Domonique was living in Estella Maxey Place in the 76704 zip code when she first got involved with the CHW program. She summarizes her motivation for being a Community Health Worker this way, “My main interest is seeing everyone be their best self, we are all different, and my best self might not be the next person’s best self…so just helping people be their best selves, and [to] know who they are.”  Shirley Langston, a neighbor and organizer in Estella Maxey, nominated Dominique for the CHW program because of her work with young girls in the community. “When this program was introduced to me, I think it was just in the works. Ms. Shirley Langston is who told me about it originally…from what I understand, she recommended me…In September 2017 we started class and went through 160 hours of training.”

Waco Area Community Health Workers, Domonique Corsey front row, center.

What led to this recommendation? What was Corsey already doing that made her a good fit for community health work? She shared that prior to becoming a CHW, her work in the community was, “…not so much health as far as nutrition, eating healthy, and exercise, but I was a community person and that ties into a lot of what we [CHW’s] do because we are planning and connecting with people to help them walk through steps.” Domonique’s community work before becoming a CHW entailed connecting to young women with a girls’ workshop – which will take place again this spring – that focused on teaching them about their bodies, self-esteem, and peer pressure. Through this work, she found herself often acting as an advocate for people needing help with navigating processes with Child Protective Services (CPS) as well. Corsey believes that her connections and rapport with the community influenced her placement in the ’04 zip code as a CHW.  “The way they chose our zip codes was based on seeing what was beneficial for us and the community.”

So, what has her work as a CHW uncovered about health needs in East Waco? After a moment of thought, she responded, “One need I do see in East Waco a lot is mental health. That, and a lack of food access. But what I see [overall] is that there’s more of a need for resources…there’s not enough resources to compare with the need. So that’s the main thing. If I could build more resources…that’s what I would work on.”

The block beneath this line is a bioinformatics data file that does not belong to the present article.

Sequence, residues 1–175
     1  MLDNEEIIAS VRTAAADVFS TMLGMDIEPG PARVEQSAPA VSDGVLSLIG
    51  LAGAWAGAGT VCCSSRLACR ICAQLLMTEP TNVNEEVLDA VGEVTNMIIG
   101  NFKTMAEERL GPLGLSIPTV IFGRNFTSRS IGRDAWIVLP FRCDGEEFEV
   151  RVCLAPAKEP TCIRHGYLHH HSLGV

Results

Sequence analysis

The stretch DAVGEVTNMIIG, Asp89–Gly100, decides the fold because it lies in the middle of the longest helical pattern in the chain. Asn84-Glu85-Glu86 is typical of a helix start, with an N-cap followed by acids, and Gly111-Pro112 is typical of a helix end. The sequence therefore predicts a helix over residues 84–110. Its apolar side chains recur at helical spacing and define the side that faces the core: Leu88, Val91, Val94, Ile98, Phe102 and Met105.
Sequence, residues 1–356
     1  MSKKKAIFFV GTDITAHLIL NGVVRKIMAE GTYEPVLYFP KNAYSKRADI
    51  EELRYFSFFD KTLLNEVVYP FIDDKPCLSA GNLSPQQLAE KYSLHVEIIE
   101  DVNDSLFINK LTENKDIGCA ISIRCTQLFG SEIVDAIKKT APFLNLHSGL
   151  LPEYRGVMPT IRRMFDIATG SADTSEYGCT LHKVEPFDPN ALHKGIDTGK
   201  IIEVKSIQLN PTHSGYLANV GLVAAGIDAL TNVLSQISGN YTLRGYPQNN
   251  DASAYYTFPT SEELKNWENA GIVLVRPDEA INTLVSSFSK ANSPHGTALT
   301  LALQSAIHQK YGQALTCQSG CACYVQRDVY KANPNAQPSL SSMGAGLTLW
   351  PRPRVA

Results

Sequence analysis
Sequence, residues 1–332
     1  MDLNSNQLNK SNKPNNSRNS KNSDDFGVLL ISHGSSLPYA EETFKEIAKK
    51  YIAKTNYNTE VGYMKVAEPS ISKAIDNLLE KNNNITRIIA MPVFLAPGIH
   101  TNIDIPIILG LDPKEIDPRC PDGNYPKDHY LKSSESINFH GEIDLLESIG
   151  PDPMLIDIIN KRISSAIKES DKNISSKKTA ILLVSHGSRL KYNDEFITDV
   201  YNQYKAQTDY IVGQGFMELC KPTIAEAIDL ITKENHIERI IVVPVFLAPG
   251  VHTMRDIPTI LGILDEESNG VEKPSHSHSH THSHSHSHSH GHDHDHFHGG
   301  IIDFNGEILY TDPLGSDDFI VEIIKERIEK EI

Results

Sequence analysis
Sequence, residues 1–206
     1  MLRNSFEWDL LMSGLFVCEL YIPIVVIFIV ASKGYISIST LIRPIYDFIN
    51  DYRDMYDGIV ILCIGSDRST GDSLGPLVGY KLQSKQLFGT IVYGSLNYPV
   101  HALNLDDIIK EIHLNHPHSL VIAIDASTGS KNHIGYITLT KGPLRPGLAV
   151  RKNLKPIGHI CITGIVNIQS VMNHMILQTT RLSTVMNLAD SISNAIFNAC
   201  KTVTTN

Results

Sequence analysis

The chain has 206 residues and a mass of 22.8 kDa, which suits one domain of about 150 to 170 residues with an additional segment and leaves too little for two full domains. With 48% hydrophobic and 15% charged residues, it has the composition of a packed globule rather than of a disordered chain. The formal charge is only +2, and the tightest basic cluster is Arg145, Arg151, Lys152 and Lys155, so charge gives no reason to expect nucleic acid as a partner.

According to Corsey, other barriers to health and wellness in East Waco include a lack of public transportation and simple, practical education on how to buy and eat healthy. “[For example] showing simpler ways to cook healthy – and having someone to help you budget and show you how you can save your SNAP,” she stated.

Corsey went on to discuss the new developments that are popping up in East Waco, and how this holds the potential to benefit the community. “So, for East Waco, a lot of people want work and I would want to see how to bring our people in [to get] jobs at some of these new development places that are coming in.”

As Community Health Workers, Corsey and her colleagues seek to build on the resources that are in the community. This calls for accountability and transparency from them when building relationships with clients. Corsey says openness and honesty are her policy,  “…let them know what you can and can’t do…connect to them in a way where you let them know, ‘hey, I’ve been where you are’ or ‘this is how I overcame this issue’…give them and open mind, confidentiality, and trustworthiness [so that] they know they can come to you with things, no matter what they are.”

Reflecting on the community, Domonique pointed out that East Waco fosters a lot of great energy, history, and unity. As far as how Community Health Workers affect change in East Waco, she stated, “I believe we have to come together and educate each other and build on our history…That’s where the work begins and ends… with the community. We listen to them, feed off them, feel their energy and then come back and do what we have to according to what they need and want. That’s what we do.”

If you live in 76704, 76705,76706, or 76707 and want to connect to with a CHW, please contact: Health District Education Department (254)-750-5631. Facebook: https://www.facebook.com/WacoCommunityHealthWorkers/

Khristian Howard is an Atlanta native and a recent graduate of Georgia State University where she earned a Bachelor’s Degree in Social Work. She has a passion for empowering communities through service, and seeks to connect advocacy to creativity. Currently, she is serving as the AmeriCorps VISTA for Texas Hunger Initiative Waco, where her work focuses on fostering collective impact to improve health and eating habits in East Waco. When she is not working, you may find her sharpening her culinary skills or exploring new poetic and artistic pathways.  

The Act Locally Waco blog publishes posts with a connection to these aspirations for Waco. If you are interested in writing for the Act Locally Waco Blog, please email [email protected] for more information.